Kiwis are keen for King Charles and Queen Camilla, with the latest Newshub-Reid Research poll showing almost half of New Zealanders want to remain a monarchy after the Queen dies.
But Te Pati Māori (the Māori Party) said it's time for Aotearoa to file for divorce from the Crown.
There was a 21-gun salute in Wellington for 70 years of Queen Elizabeth on Monday.
Most Kiwis had a positive reaction when asked what they thought of the Queen's 70-years at the throne.
"Good on her - time she gave up though," one person said, while another added: " I think she's done a great job and she's probably got a few more years left."
"She's got high integrity. As I say, probably can't be said about the rest of her family but that's life," another said, while another Kiwi added: "I like Queen Elizabeth - she seems cool".
Not just the Queen who seems cool - Kiwis still seem cool with the monarchy, even when Prince Charles takes charge.
In the latest Newshub Reid Research poll we asked: "When Queen Elizabeth is no longer Queen, should New Zealand break away from the Commonwealth and become a republic?"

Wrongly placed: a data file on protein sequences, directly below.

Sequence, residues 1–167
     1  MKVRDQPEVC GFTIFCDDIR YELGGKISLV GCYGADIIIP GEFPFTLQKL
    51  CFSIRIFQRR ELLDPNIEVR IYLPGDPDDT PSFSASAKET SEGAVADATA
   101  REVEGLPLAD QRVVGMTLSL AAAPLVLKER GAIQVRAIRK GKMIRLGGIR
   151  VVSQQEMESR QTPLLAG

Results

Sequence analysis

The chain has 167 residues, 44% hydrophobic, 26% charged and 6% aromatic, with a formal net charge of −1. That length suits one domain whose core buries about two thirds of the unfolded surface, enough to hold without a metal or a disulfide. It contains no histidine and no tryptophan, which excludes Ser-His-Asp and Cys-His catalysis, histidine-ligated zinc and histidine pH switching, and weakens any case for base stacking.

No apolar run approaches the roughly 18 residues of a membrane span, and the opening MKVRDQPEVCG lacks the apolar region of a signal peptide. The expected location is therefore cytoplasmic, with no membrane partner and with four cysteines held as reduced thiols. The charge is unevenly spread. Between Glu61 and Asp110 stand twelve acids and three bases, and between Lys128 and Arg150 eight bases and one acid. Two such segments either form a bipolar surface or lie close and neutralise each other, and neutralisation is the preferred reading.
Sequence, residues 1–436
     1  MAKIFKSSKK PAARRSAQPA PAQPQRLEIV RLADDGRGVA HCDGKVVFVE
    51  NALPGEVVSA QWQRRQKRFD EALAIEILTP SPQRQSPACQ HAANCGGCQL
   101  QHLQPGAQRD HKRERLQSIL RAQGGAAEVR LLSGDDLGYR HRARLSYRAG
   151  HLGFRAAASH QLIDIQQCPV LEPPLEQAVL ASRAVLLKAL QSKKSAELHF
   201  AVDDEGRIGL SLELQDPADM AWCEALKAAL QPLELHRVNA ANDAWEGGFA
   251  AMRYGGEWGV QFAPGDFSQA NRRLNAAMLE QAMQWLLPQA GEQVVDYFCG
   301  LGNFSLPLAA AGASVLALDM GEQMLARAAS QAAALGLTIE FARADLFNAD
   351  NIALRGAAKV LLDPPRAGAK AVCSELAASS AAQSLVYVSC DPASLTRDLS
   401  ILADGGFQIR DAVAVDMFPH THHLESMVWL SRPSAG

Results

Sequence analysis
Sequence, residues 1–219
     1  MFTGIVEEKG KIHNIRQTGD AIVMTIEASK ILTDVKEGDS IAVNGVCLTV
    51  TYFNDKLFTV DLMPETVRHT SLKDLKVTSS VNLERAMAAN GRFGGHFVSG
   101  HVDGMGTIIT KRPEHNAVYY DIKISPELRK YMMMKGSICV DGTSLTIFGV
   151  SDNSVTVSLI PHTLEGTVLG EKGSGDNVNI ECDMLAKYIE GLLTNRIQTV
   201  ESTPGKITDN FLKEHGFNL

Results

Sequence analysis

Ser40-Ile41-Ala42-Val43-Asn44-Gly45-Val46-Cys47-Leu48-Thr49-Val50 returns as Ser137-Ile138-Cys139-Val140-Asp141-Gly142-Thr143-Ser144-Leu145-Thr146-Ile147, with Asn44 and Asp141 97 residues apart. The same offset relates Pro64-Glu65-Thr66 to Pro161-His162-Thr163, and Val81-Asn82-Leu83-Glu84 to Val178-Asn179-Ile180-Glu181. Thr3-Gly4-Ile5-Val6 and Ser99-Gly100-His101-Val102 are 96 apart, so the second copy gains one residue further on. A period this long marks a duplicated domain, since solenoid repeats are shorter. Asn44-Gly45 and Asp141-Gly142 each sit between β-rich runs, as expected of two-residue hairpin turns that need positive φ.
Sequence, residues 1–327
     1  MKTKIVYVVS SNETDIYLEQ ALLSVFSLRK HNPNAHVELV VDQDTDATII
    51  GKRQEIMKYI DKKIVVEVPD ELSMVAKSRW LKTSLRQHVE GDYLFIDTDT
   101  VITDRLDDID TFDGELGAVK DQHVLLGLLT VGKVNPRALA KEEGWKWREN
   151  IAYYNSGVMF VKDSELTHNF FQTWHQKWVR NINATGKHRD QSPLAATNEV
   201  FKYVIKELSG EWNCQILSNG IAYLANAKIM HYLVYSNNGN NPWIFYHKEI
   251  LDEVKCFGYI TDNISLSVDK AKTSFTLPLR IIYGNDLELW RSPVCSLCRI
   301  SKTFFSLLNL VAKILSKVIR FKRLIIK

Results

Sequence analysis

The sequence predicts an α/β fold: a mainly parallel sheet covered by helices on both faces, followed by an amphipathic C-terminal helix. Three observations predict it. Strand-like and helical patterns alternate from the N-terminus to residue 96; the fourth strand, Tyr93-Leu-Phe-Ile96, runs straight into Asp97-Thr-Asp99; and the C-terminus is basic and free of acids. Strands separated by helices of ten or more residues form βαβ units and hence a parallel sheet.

The results showed that 48 percent said no - they're not ready to wave a royal goodbye to the Crown, while 36.4 percent said yes it's time to break away and 15.6 percent don't know.
"It seems like it's worked for the last 70 years, so seems good," one person said to Newshub, while another person added: "There's more benefit in staying in I think".
But not everyone thought we should stay with the British Monarchy.
"I think we should have been a republic a long time ago," one person said, while another person said: "I'm not sure about this Charles and Camilla in charge".
Some royal subjects weren't keen on the Queen's comments on Sunday that Camilla should eventually become Queen.
"If it was Princess Di it would have been alright, but not her," one person said.
Prime Minister Jacinda Ardern - herself a republican - was unsurprised so many New Zealanders are jubilant about staying in the monarchy on the 70th jubilee.
"In my lifetime we're likely to see change but for right now I don't see it as a major focus for New Zealanders," Ardern said on Waitangi Day.
"I think we feel a sense of gratitude as we go through the jubilee celebrations."
But Te Pati Maori says it's time to cut ties and file the divorce paperwork now.
"There's not a lot of the colonisation traits that come with the British royal family that we want to retain," Māori Party co-leader Debbie Ngarewa-Packer said.
The Greens are a bit more diplomatic.
"I'm unsure whether a referendum on that issue would be top of my personal priority right now," said Green Party co-leader Marama Davidson.
To officially divorce the Crown, it would have to go to a referendum - something neither major party nor the public - seem interested in.
Meaning New Zealand appears fit for a king.
Watch the full story above.